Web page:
Somehow, Jackson produced the best skate of her life to that point. Jackson began canceling her nonspeedskating plans: She couldn’t go to the Roller Derby World Cup in Manchester, England, in late January, because it would conflict with her travel to the Olympics. Not much else changed, though. Shimabukuro, trying to keep expectations reasonable, told her, essentially, Congratulations, but you’re still not that good. “She was very realistic,” he says. “She just wanted to take the opportunity to get better.”
Jackson does not remember her race in PyeongChang. “That’s still kind of a blur to me,” she says. It was the next season, when she was racking up top-10 finishes in World Cup races—despite being, she says, “I don’t wanna say terrible, but basically a terrible skater”—that gave her a sense of how good she could be. She was hanging in there with the best in the world while still learning. “It was like, How long is it gonna take me to get to the top?” she says. “Because that’s where I want to be, and that’s where I know I can be. So it’s just a matter of, How long is it going to take me?”
That drive comes naturally to Jackson. She graduated from Florida in 2015 with a degree in materials science and engineering, then picked up an associate’s degree in computer science and is earning another associate’s in kinesiology. She took a year off from classes to prepare for the Olympics with Shimabukuro in Salt Lake City, because when she’s in school, coursework is her top priority.
“She went to the University of Florida, and she never went to a football game. Like, what?” says Antoine Jackson, Erin’s cousin, laughing. “I would say she’s a pretty big nerd.”
Someday when she’s “done skating in circles,” Erin says with a chuckle, she hopes to combine her passions by developing new sports equipment or prosthetics. In the meantime, she wants her next Olympics to be very different from her first. Four years ago, Jackson caught the flu and missed the opening ceremony before her underwhelming finish. This year NBC will showcase her, and the media crush will be overwhelming. There will surely be talk of her following the U.S.’s Shani Davis, a two-time Olympic medalist, as a Black star in an almost entirely white sport. “It would be cool to see, this time next year, the makeup of [speedskating] look a little different,” Antoine says.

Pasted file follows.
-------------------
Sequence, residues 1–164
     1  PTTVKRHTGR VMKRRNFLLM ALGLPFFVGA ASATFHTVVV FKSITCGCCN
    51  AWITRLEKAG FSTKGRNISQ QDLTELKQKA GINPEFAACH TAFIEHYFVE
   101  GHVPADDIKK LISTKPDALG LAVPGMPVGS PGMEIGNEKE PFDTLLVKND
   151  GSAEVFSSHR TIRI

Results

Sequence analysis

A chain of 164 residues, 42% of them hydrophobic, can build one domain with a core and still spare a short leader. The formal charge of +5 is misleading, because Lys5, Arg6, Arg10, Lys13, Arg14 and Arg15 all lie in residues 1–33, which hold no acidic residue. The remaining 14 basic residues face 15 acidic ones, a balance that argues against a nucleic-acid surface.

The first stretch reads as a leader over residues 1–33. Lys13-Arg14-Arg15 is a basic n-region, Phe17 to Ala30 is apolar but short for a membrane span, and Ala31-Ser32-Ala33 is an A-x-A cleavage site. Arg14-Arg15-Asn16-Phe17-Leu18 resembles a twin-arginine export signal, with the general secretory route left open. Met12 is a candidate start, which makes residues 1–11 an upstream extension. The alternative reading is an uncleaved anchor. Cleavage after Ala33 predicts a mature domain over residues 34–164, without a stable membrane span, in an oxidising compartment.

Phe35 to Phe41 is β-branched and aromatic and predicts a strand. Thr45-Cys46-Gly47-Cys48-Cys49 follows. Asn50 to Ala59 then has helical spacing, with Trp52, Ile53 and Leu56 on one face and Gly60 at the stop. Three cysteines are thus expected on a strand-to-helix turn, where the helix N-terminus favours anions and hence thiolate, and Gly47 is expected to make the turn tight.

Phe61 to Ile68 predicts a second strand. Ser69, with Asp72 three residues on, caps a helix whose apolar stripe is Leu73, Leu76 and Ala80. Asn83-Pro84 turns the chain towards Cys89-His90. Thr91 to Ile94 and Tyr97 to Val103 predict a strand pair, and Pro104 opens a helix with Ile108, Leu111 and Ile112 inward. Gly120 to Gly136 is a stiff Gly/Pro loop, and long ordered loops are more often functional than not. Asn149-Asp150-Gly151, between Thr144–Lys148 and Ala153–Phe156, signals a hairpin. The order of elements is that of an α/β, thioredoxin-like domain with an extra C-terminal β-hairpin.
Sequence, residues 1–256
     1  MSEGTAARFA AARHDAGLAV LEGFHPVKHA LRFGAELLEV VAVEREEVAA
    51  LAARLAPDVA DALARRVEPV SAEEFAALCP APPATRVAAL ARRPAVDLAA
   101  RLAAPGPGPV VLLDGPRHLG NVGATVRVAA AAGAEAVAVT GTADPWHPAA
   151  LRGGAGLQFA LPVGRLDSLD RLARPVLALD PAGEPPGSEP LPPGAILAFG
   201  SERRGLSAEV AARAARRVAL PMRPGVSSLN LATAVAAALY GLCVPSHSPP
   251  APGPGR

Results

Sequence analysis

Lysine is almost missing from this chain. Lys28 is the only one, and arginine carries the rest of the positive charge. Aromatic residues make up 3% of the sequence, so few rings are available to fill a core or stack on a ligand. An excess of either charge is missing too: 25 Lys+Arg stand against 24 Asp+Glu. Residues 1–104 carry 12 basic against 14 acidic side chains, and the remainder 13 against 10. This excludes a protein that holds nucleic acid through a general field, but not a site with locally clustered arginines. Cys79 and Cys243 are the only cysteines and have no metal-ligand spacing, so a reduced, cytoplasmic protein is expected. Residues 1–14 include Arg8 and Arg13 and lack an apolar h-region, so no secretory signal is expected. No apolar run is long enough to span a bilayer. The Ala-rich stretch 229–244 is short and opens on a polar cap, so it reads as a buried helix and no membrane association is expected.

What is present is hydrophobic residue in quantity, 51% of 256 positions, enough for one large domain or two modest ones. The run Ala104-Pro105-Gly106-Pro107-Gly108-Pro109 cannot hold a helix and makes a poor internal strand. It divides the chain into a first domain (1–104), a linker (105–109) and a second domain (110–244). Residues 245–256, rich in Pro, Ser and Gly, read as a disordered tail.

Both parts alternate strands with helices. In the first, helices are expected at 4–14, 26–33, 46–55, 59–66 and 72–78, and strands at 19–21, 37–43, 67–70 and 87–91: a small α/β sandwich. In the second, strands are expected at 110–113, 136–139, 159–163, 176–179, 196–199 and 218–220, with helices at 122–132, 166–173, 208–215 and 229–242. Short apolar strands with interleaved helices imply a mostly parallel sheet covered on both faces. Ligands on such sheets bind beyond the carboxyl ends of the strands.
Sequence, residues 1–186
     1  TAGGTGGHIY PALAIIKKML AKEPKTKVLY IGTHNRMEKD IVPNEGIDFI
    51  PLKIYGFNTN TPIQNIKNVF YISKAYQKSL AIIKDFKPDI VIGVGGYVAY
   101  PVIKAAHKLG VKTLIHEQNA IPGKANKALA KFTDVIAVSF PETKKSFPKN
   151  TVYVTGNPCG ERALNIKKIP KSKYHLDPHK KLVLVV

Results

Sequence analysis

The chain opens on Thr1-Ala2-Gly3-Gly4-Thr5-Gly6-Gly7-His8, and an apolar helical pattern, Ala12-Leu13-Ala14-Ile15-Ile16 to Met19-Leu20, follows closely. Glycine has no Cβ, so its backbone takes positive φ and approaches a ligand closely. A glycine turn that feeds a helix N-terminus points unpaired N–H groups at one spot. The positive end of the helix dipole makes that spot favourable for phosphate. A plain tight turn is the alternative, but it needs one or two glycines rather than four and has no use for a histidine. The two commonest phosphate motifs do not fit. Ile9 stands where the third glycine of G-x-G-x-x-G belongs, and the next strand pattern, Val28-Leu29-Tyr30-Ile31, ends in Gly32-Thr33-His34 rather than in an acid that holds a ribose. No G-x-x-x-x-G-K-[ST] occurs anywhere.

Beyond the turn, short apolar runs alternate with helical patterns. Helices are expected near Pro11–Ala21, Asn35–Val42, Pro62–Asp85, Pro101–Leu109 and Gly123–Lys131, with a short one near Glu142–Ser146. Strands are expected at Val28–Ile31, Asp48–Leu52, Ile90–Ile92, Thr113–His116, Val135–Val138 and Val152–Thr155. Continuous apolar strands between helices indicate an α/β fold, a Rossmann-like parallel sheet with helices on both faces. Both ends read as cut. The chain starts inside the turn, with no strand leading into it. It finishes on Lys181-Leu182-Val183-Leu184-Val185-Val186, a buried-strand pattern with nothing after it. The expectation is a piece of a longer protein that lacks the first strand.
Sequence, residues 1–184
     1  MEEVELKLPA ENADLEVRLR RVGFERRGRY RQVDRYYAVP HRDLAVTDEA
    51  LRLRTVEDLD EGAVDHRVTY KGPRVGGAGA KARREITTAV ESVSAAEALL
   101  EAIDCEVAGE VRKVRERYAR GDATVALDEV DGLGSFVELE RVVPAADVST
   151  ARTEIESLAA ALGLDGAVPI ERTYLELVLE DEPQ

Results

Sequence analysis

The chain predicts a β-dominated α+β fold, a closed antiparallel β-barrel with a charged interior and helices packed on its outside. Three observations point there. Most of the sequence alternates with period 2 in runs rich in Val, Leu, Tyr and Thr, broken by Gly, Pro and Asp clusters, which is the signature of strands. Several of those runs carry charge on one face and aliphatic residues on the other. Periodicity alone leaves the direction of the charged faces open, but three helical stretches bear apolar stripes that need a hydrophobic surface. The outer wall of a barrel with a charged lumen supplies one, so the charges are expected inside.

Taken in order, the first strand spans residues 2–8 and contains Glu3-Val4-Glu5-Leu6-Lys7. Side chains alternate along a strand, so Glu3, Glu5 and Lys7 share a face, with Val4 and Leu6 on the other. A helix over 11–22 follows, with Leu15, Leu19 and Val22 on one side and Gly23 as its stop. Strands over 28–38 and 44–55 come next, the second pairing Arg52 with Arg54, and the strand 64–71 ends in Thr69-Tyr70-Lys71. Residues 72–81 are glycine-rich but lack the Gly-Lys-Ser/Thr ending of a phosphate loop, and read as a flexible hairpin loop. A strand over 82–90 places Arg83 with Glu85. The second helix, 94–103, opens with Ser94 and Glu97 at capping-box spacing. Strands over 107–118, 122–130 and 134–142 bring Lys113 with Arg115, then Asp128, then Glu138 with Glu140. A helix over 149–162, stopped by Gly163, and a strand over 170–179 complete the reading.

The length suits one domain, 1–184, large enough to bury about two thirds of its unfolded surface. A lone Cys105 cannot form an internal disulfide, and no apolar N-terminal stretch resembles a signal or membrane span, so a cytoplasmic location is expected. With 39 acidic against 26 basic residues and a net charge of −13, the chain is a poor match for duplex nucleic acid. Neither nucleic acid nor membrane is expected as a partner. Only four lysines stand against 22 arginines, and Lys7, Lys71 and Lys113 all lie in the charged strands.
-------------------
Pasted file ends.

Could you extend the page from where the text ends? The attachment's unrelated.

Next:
The bright lights might be distracting to some, but Erin believes they will energize her. She used to drive her inline teammates wild, she says, because she would falter during practice, then crush them in a race.
“I do better under pressure,” Jackson says. “I feel like the more pressure that people put on me, the more I’m going to be in the zone and ready to deliver. My issue is sometimes, if I don’t feel that pressure, I can get a little bit too relaxed. So yeah, I think the pressure is really important for making sure that I’m in the right mindset.”
Shimabukuro says, “She’s a game-day racer. The moment the competition starts, a switch flips.”
Still, he says he reminds Jackson that five years in, she is still “in her infancy in the sport.” She loves how much she has left to learn. But she sometimes feels impatient. She laments that her starts are inconsistent—they can range by as much as half a second, which, over 500 meters, is the difference between winning gold and missing the podium entirely—and she barely has time to practice them.
“To me it sounds irresponsible to not practice my starts outside of the race setting,” Jackson says. “But when you think about how many other things I’ve been trying to fix over the past four years, it’s like, We’ll get to the starts. We’ll get to those.”
Maybe in the next quadrennial. First, Erin Jackson is headed to Beijing, where she plans to win gold. Then she plans to get off the ice all by herself.